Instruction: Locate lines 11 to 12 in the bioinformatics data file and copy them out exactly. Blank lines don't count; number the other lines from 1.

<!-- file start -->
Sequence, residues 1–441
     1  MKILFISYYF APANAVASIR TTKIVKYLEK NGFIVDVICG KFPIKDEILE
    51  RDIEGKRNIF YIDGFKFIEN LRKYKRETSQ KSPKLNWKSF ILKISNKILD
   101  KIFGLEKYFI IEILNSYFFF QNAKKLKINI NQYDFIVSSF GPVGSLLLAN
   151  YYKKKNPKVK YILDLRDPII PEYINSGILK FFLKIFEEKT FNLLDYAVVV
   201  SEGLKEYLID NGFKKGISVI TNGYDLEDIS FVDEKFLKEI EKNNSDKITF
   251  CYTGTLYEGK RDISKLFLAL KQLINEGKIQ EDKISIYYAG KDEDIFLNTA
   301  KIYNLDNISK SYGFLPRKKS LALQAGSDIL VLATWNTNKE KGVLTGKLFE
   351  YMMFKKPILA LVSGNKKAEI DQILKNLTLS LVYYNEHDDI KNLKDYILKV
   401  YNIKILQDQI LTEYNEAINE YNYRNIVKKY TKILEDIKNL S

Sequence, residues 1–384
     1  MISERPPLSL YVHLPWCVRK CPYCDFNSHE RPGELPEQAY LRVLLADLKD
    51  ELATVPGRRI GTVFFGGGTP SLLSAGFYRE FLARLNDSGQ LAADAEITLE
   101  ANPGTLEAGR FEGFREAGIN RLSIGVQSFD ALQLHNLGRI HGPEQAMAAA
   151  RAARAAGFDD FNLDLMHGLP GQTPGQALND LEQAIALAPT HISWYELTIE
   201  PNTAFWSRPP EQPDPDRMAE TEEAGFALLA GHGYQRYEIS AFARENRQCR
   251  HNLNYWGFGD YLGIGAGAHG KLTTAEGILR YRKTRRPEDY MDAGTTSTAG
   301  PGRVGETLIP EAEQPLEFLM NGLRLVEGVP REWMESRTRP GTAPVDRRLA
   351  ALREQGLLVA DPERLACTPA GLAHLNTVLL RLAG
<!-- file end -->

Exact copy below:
Sequence, residues 1–384
     1  MISERPPLSL YVHLPWCVRK CPYCDFNSHE RPGELPEQAY LRVLLADLKD